“Helping Clients Hire You” A Sales Strategy For Photographers

One of my favorite workshop topics is "sales strategies" and that's probably because I have not met many people who got into photography to become salespeople. When I give this workshop at photographic conferences and association chapters I am always impressed by the number of questions and concerns photographers have about selling. Without a rep, selling yourself is often difficult. Even though my presentation changes every time I give a workshop, there are some rules of selling photography that have remained consistent throughout the years.

It's Never About You
My first and best rule is to stop thinking of this as sales and start thinking of this as "helping clients hire you." It may sound like a silly or small distinction, but for you, and your potential clients, it can be huge. Wouldn't you rather help people than sell to them? I know clients would rather be helped than sold to! Hiring you is not always about you; it is more often about the services you are providing. With a little attitude adjustment you can make a big difference in your business and marketing. You can set up a win-win situation instead of the more potentially aggressive "cold call."

Decide On Your Goal
What is your goal for this phone call or e-mail? How do you want potential clients to respond? Maybe you want them to visit your website. Perhaps you want to make an appointment to show your portfolio. Maybe they can get some promotional material in the mail from you. Before you call any client, know what you want and learn everything you can about your client's needs for photographic services.

The Phone Calls
Sales calls have kept more people out of the photographic business than any lack of talent. There is no lack of talent among you, but learning to make successful one-on-one contact with clients seems to be overlooked when learning photography.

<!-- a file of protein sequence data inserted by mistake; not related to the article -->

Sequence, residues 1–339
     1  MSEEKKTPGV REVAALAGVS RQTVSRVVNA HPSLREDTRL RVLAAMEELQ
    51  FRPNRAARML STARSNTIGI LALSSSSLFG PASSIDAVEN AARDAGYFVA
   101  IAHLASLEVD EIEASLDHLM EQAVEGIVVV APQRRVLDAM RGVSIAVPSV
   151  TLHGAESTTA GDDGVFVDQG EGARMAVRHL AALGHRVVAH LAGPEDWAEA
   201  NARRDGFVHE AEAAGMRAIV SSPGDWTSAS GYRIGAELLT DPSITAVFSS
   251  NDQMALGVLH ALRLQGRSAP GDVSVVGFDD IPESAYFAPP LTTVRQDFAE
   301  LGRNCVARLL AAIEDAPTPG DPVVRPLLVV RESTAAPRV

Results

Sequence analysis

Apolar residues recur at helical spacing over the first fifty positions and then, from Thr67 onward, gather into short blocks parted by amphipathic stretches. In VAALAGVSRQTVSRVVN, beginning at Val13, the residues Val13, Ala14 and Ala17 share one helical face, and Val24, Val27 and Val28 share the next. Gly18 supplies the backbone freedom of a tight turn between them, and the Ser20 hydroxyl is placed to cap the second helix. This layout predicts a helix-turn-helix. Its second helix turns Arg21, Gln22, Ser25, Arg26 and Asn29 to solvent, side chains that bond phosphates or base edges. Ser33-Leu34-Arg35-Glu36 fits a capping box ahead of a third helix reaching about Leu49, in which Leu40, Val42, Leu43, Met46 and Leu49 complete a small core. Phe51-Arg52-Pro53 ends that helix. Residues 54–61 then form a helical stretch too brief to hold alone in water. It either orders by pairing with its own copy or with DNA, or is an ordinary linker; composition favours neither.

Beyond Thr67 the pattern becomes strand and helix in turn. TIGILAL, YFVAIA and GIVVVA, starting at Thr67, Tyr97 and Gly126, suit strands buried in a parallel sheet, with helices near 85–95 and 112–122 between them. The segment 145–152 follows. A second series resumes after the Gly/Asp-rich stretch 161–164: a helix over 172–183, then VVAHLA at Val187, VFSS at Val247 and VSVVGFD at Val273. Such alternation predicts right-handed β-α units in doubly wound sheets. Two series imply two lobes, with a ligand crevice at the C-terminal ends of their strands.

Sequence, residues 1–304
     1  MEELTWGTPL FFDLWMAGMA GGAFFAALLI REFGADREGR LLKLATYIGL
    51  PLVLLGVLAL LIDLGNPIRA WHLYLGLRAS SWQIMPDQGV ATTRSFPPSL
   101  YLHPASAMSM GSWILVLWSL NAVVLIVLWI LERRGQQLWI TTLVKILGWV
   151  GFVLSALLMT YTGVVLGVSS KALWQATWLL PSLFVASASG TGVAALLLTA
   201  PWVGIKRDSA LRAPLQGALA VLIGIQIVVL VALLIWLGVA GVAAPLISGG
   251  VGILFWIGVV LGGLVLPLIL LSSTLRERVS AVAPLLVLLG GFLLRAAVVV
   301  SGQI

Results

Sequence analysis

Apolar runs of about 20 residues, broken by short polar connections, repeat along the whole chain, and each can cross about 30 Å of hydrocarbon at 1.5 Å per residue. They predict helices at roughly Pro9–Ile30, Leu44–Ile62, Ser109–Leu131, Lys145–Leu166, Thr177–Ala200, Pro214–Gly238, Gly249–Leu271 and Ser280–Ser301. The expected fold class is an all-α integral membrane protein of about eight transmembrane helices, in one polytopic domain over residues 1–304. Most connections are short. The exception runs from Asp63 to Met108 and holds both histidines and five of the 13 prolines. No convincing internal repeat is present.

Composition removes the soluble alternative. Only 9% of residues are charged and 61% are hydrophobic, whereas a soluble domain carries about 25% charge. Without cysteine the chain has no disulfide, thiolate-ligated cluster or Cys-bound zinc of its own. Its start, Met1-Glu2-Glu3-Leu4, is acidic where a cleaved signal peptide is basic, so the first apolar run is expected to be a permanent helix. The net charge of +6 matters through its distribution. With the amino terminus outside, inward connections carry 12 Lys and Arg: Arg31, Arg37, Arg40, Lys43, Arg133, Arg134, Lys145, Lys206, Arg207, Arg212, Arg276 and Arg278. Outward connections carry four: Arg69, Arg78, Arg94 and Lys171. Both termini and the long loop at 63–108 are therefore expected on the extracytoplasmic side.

I recommend writing "scripts." Scripting is a selling technique I teach to close the gap between you and your goal of selling your work. It is not a new sales tool. What is new is applying the technique to photographic services.

Basically, scripting is talking to clients by preparing ahead of time because you want to make the best use of your time and their attention, to get more information about their photographic needs and to get the best chance to get your work in front of them. It is writing down the expected interaction between you and your client. Once you write the basic script, you can adapt to any situation from advertising photo shoots to weddings to print sales.

You may feel you know what to say--after all you are the photographer--but writing everything down beforehand will make each client contact more successful. It will seem awkward or odd at first. Once you start working with your scripts, you will wonder how you got along without them before!

You need to do thorough preparation, just as you would prepare before going out on any photo shoot. Start by writing down the conversation from "hello" and write it just as you would like it to go. Be sure to plan for all variations. No matter what the client's response, you have anticipated an appropriate reply.

Ask Open Questions
First learn how to use open-ended questions in your scripts. These are questions that begin with "how, who, what, when, where, and why," instead of closed questions that begin with "can you, could you, would you, do you." See the next rule for examples. Open-ended questions encourage your client to consider what you are saying--to take a moment to think--instead of automatically replying with a "no." Open-ended questions help you to gather information, save time, and reduce the rejection that comes with the "no" you often get when you ask a closed question.

Be Specific About Your Photography
Start with a brief and specific description of your services based on your targeted market. For example, "Hello, I am a nature and landscape photographer and my name is so and so. I am interested in presenting our portfolio for your corporate photo collection. When would be a good time to come by?"

The first critical phrase is "nature and landscape" because this helps the client you are calling to visualize your work and they can then more accurately identify their interest in seeing your portfolio. It is much more accurate than if you had simply said, "I am a photographer." The second vital phrase in this script is, "When would be a good time to come by?"

Too often photographers use the phrases "can I come by" or "is this a good time" and these closed-question phrases lead to pretty immediate rejection. Asking a more open-ended question gives you more options in terms of reducing rejection and having a conversation.

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